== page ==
No, I never wanted Sir New York to be for any specific type of person. If anything my thinking was way too broad. I wanted all genders — everyone wears menswear. I wanted to appeal to the boy next door who likes clothes, to the club kids who are all about turning a look, to the fashion kids who pay attention to design. Whenever you study fashion they really try to make you hone in on “your customer.” But my vision is exactly what happened, with people wearing my designs like A$AP Ferg, Wiz Kalifa and Detox from “RuPaul’s Drag Race” — who has worn it in and out of drag.

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You’re hailed as the first trans male designer to emerge in the high-end fashion scene. What have the reception and your experiences been like?
My experiences in the fashion world have been interesting. It is a very intense and tightly orchestrated industry with billions of dollars dedicated to making you want to look a certain way. It’s very hard for the majority of fashion designers ever to even get to this level and I am far from where I ultimately want to be… I’m still very much an “outsider.” I think most people don’t automatically assume I am trans. Most people only get as far as thinking I’m this odd little gay fashion designer.

The fashion industry has historically been open to all kinds of gender expression and misfits, so I don’t think I stand out in any kind of loud way — partly because that is my nature. I would rather let my work speak for me. I tend to talk about my work and not me, the person. So the positive reception I have gotten from both street wear and high-end fashion has been very much in response to the clothing, the brand and the aesthetic.

I think I have a unique perspective on the gender spectrum. I don’t believe in absolutes, nothing belongs solely to masculine or feminine. I like finding subtle balances.

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Where have your designs appeared?
Usher came into our pop up shop with Liberty Fairs Concept Space in Los Angeles, copped a grip of the Seahole Future Surf gear and the next day it was on “The Voice.” French Montana has also worn it in videos and interviews and I saw my first stranger on the street rocking it, which is strangely a whole different amazing feeling of accomplishment than when someone high-profile is wearing it. Seeing it in print is also really exciting: Vogue Italia, Flaunt, GQ. I don’t know, I guess we’re getting around a little bit.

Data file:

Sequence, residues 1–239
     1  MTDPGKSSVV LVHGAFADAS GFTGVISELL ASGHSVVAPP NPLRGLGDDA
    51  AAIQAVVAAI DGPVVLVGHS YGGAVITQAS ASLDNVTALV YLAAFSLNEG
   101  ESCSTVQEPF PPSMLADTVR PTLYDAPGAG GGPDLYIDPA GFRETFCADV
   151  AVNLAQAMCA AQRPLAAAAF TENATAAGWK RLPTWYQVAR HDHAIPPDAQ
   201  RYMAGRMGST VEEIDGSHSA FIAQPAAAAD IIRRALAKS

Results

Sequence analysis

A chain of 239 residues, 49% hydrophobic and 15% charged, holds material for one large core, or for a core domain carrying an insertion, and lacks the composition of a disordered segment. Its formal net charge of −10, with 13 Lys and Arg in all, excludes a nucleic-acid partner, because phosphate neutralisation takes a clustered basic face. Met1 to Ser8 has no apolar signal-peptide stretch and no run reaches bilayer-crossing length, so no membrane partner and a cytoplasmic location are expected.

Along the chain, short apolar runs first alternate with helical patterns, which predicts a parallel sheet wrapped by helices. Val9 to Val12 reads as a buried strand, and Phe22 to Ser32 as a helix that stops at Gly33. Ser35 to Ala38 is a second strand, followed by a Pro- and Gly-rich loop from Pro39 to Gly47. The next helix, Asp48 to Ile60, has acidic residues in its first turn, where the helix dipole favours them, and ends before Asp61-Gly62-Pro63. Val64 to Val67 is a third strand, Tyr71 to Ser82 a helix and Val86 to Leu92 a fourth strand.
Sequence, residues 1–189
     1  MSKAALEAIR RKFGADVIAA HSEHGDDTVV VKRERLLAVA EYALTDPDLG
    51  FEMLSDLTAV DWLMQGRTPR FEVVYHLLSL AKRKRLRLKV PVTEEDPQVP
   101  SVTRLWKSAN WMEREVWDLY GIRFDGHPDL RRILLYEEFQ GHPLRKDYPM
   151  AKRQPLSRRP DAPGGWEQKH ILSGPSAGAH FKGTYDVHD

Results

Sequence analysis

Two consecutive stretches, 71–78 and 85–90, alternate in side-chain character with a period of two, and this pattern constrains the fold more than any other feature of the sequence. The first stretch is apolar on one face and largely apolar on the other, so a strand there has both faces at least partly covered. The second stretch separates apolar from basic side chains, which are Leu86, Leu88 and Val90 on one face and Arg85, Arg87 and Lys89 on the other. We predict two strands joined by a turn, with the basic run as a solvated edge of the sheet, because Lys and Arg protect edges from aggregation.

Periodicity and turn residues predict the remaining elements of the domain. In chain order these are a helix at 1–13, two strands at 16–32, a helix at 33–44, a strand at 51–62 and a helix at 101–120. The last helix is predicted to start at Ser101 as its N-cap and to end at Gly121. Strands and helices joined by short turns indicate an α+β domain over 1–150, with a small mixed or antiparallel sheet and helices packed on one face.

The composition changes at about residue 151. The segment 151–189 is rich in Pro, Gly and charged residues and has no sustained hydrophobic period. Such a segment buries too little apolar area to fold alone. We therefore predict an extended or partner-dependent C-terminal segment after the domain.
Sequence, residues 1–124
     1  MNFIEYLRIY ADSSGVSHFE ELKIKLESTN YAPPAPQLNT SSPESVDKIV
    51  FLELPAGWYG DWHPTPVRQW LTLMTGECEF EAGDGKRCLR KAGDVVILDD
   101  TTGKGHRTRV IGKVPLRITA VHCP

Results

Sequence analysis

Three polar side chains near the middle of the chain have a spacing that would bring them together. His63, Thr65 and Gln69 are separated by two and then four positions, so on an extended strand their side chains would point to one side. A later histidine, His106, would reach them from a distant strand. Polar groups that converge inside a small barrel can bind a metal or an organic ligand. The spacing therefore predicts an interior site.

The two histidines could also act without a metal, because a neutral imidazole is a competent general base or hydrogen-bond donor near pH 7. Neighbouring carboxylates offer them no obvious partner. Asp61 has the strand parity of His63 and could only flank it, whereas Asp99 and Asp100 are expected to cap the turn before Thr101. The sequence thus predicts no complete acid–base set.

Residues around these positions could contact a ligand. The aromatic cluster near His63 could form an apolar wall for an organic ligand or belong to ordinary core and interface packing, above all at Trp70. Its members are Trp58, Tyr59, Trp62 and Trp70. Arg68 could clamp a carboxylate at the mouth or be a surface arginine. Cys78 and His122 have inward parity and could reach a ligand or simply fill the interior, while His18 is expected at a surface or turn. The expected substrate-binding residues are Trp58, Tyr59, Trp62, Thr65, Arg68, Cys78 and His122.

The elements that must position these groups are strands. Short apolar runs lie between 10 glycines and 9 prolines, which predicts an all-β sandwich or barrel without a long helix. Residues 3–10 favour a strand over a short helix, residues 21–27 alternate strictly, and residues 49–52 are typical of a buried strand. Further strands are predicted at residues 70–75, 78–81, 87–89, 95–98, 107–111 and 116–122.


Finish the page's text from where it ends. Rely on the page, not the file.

Do you have any showcases on the horizon?
Sir New York previewed our AW15 collection and hosted a mini pop-up shop last weekend at dapperQ’s “(un)Heeled: A Fashion Show for the Uncoventionally Masculine” at the Brooklyn Museum. “(un)Heeled” celebrated the style of masculine presenting women, gender nonconformists and trans* identified individuals, offering an alternative narrative to the museum’s current “Killer Heels: The Art of the High-Heeled Shoe” exhibition.

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Historically the fashion world has been extremely queer friendly — what role do you think the fashion world has played within mainstream acceptance of LGBT identity?
Fashion has accustomed people to gender bending. We are more open to human expression rather than binaries. People are starting to let go of being uncomfortable about other people being different. Gender is often best expressed in presentation, how you wear your clothes and the swag you have when you feel good about your look. Fashion communicates identity with options.

Want to see more from Björkman and Sir New York? Head here to check out the Sir New York website.